Penn State

Penn State suspends Sigma Alpha Mu fraternity

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A fraternity Penn State President Eric Barron singled out as a rule-breaker has at least a two-year timeout.

On Thursday, the university announced it was suspending Sigma Alpha Mu

In a release, Penn State said the fraternity violated several of the university’s restrictions on alcohol use April 1 during Parents Weekend.

Restrictions have been in place since February, when pledge Timothy Piazza, 19, died after suffering injuries from a fall at Beta Theta Pi’s Burrowes Street house. In March, those restrictions were tightened and extended, and Beta Theta Pi was banned permanently from campus.

Less than two weeks later, however, Barron penned an open letter to all Greek organizations, where he not only took the fraternity and sorority members to task, but outlined a list of infractions that happened after the crackdown, specifically involving the one social event with alcohol that was allowed after the sanctions were imposed — Parents Weekend.

“Apparently this was a mistake,” Barron wrote. “Nine of the University’s 82 fraternities and sororities that we know about violated at least one rule, and one fraternity — Sigma Alpha Mu — violated almost every rule that was imposed. The drinking was excessive and was not restricted to beer and wine. There was no third-party licensed server. The party was open to anyone and people with no formal association roamed freely in and out with access to handles of liquor. Those roaming in and out included some who were underage. Even some parents were visibly intoxicated. Now, these fraternities, particularly Sigma Alpha Mu, face decisions by the University.”

Now that decision has been levied.

“This behavior is not consistent with our university values and is in direct opposition to the changes required if we are to have a healthy, successful and sustainable Greek-letter system at Penn State,” said Penn State Vice President for Student Affairs Damon Sims.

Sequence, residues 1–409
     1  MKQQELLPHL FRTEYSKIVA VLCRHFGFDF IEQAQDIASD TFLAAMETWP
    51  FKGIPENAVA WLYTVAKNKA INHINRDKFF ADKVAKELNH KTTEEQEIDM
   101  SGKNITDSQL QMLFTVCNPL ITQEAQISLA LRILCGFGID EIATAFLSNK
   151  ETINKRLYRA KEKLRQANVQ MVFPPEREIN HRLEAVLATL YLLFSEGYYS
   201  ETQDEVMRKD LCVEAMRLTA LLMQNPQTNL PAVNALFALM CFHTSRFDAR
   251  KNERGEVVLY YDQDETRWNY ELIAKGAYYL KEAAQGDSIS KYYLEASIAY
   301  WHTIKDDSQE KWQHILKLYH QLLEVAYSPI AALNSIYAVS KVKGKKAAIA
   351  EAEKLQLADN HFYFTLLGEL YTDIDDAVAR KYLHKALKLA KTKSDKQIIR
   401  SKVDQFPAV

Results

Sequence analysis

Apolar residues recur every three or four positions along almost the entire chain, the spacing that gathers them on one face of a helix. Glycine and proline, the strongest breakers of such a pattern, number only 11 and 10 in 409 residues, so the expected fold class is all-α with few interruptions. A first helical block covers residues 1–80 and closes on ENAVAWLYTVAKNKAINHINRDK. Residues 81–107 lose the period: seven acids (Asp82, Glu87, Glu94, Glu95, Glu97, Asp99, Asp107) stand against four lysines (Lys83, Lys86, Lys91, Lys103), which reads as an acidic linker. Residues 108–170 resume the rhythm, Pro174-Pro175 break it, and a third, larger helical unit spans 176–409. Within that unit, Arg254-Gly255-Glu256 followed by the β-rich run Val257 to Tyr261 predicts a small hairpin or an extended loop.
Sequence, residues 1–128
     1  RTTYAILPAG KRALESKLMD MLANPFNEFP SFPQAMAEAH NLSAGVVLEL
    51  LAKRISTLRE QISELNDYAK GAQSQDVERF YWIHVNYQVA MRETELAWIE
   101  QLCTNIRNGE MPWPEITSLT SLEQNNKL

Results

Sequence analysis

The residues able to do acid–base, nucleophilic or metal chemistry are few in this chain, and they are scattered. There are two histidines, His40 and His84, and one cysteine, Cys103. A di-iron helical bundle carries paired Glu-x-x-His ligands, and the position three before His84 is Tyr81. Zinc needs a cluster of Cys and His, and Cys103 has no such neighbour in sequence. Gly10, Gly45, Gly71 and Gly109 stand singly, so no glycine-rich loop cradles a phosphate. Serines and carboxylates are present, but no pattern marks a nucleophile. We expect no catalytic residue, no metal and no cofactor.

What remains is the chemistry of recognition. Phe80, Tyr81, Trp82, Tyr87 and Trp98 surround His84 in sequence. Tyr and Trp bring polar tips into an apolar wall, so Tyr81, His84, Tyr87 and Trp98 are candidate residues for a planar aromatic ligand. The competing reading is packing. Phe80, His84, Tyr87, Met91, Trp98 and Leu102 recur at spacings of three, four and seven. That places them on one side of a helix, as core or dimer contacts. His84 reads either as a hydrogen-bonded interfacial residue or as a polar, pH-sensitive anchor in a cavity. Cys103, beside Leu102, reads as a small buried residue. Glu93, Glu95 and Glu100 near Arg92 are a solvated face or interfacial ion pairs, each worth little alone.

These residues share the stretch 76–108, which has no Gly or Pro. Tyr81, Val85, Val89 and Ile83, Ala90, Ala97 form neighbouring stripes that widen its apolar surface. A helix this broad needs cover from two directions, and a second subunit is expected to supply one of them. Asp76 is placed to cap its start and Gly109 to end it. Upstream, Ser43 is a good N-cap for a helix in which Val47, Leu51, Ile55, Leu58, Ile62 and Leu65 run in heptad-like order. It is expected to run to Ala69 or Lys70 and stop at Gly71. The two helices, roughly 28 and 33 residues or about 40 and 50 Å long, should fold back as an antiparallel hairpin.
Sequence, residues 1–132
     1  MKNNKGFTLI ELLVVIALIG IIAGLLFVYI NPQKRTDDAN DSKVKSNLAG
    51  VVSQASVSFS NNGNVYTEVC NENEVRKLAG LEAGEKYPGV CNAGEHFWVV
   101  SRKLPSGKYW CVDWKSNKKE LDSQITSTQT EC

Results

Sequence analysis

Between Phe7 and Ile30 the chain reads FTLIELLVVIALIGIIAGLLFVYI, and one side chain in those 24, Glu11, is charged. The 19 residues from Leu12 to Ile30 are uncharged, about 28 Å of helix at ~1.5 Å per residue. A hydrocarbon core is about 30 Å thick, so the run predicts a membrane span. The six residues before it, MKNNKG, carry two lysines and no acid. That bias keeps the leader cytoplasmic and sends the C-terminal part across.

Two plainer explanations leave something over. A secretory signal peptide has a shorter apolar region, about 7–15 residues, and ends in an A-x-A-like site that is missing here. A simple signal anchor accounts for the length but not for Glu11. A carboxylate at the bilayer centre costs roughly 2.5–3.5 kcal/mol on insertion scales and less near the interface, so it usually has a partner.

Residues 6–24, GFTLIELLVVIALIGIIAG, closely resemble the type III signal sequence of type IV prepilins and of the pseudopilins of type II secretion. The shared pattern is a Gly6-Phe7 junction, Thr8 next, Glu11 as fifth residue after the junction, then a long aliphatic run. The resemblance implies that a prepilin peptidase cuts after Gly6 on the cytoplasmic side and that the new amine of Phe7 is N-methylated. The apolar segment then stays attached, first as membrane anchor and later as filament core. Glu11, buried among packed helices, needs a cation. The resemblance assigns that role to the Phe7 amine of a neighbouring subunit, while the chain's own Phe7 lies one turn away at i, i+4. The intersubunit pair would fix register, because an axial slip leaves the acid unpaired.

Sigma Alpha Mu now joins the list of other Penn State fraternities that are expelled — Beta Theta Pi — or suspended, such as Kappa Delta Rho, Phi Kappa Tau and Pi Kappa Phi.

“Sigma Alpha Mu’s suspension was a university decision. The Interfraternity Council is supportive of accountability when a fraternity does not meet standards and/or expectations,” said Michael Cavallaro, IFC communications vice president. “It is our hope that due process was followed as this decision was made.”

Sigma Alpha Mu could not be reached for comment.

It is not the first time Sigma Alpha Mu has been in trouble.

Centre County prothonotary records show six different criminal cases against the fraternity since 2003, all for alcohol violations. The most recent was in March 2016 when State College police said two minors were served at a party at the fraternity where there were “no mechanisms in place to determine the age of attendees being furnished alcohol inside the house.”

In January, Sigma Alpha Mu’s president, a 20-year-old college sophomore, entered a guilty plea to the charges on behalf of the organization. The sentence was a $500 fine and 62 days of community service. The probation office noted all penalties satisfied as of April 4.

But the fraternity is still in the midst of a civil case. Sigma Alpha Mu is being sued by Christianna Smith who was beaten by Sean Urbain as he left a 2014 party at the fraternity house. Urbain, originally charged with aggravated assault and simple assault, pleaded guilty to charges of harassment, disorderly conduct and purchase of alcohol by a minor.

According to court documents, Smith alleges Sigma Alpha Mu was negligent in failing to maintain safety, supervise the fraternity, protect guests and monitor criminal activity. She is suing for $50,000 damages. Discovery in the case is set to be completed by Monday.

Lori Falce: 814-235-3910, @LoriFalce